The city’s representatives are adamant that we should have the Monster go to this program for four/five months (first, it was “let’s review it in January and see”, and then “let’s review it in December and move him to another program if he’s making progress”).  The school-based team has no opinion one way or the other, but they’re of the opinion that he should be moved once, and to the right program.  And we… don’t know what we want, save that the program in question is no-good for him, and staying in a mainstreamed environment is equally bad.  As it is, he has to repeat this year already, and he’s falling further and further behind, the more the schools put off doing something about his communications deficits.

But the fact is, we’ve not gotten anything approaching a placement.  We ended up getting into a stalemate – the folks from North Avenue want to give us a program decision, leaving location for later after we’ve approved, whereas we want a full placement (program and location) in the IEP so that we can go see the program before we approve.

Just… unresolved.  No IEP for me to be sitting here looking at while I type to you all, no placement decision, and all we have positive is a massive uptick in services for next year, coupled with the ESY decision.

And to top it off… well, I feel a little bit like crap.

Our consultant made the comment about the fact that no parent would knowingly send their child to a placement that they know is not the appropriate placement, which is God’s own truth.  Except that I feel a little bit like we did that last year, with the trust that the Monster could move from the more restrictive environment of “Together We Grow” into a mainstream classroom with the appropriate up-tick in services… when we already had our doubts about whether it was really suitable.  Basically, I feel like we set him up to fail, and we’ve squandered a year of his education.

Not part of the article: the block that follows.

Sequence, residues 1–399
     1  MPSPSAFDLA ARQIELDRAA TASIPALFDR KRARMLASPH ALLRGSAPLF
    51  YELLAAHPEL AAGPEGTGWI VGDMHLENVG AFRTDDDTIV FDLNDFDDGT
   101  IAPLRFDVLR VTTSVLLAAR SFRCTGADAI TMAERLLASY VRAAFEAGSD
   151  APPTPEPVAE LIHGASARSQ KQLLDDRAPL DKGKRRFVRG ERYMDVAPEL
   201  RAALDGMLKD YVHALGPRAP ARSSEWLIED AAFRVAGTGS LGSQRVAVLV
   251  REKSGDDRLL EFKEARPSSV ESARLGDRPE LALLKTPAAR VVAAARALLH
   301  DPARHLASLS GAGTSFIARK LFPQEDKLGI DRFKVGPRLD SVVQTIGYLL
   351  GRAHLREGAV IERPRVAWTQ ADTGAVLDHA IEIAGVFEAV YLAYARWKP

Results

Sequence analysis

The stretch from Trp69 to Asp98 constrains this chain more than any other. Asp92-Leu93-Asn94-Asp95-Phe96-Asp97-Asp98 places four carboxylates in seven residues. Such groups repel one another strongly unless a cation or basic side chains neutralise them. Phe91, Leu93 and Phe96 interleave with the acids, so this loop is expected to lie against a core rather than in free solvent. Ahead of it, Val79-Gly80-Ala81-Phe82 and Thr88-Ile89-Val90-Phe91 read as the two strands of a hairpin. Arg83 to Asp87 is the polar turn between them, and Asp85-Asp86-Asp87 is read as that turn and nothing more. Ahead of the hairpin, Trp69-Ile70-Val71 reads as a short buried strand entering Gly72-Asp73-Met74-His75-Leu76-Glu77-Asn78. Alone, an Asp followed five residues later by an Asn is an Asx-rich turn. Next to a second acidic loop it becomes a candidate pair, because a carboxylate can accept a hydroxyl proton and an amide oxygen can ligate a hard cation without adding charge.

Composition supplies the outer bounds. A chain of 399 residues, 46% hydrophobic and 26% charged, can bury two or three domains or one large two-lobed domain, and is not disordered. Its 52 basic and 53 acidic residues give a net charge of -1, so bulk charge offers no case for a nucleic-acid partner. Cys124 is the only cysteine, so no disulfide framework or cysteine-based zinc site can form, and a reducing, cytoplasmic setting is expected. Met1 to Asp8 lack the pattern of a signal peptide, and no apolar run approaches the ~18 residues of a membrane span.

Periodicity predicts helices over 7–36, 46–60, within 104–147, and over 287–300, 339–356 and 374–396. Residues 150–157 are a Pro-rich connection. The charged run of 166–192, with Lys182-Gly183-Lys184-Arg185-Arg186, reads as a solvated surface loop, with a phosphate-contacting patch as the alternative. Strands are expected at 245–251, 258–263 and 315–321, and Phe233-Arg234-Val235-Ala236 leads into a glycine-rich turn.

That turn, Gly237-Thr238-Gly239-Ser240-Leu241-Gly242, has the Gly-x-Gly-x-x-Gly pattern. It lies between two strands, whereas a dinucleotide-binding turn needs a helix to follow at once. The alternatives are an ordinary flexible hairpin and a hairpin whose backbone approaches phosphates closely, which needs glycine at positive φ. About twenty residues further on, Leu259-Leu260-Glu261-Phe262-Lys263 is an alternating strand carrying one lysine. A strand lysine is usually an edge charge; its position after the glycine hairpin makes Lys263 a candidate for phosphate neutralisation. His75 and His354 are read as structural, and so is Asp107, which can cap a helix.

And now I’ve no way to fix this. 🙁

All I can do is hope that working through the process gets us to a place where he gets all the appropriate supports he needs, in the appropriate placement…

One thought on “IEP Year Four

  1. Hi. It would appear to me that you should visit the Lois T. Murray School and/or the Baer School as your son needs a public separate day school and should bypass the PAL classroom setting in a regular elementary school. Lois T. Murray is a public separate day school that is in partnership with the KKI. The Baer school has a class for students with autism. My sources tell me that BCPS is willing to consider keeping your son on the diploma track and placing him in a PAL setting. I would not recommend this as the PAL settings do not have students who are on the diploma track and this is a reason why you may want to consult with your advocate if you decide to go to a hearing.
    Similarly, if you go to a hearing, you have a strong case, but, in my opinion, you would likely lose your case if you are seeking a non-public placement as hearing officers adhere to the least restrictive environment when making their decisions regarding how to resolve cases that are put before them. If you elect to keep your son in the Baltimore City Schools, you should try to get Ethan into a public separate day school and bypass the PAL setting as again, PAL settings do not educate students on the diploma track. Nevertheless, if you elect to try a PAL: setting, BCPS will not tell you which school your son would be attending, although, they would work with you to get him into a school that you prefer, as BCPS would do this as opposed to going to a hearing with you as hearings are very time consuming and expensive for the school system. However, you may want to check out the PAL setting at Westport (which I know is very far away from Mt. Washington), but, the teacher who works in the PAL class at this school is simply excellent. Thus, in summary, I would seek to get your son into a public separate day school at this time, and monitor his progress. If he shows little or no progress in this setting, then, you have a much stronger case to seek a non-public setting as a public separate day school is the most restrictive setting that the city of Baltimore can offer your son. And, in my opinion, without trying this setting first, you would likely not win should you go to a hearing at this time. Thank you and good luck.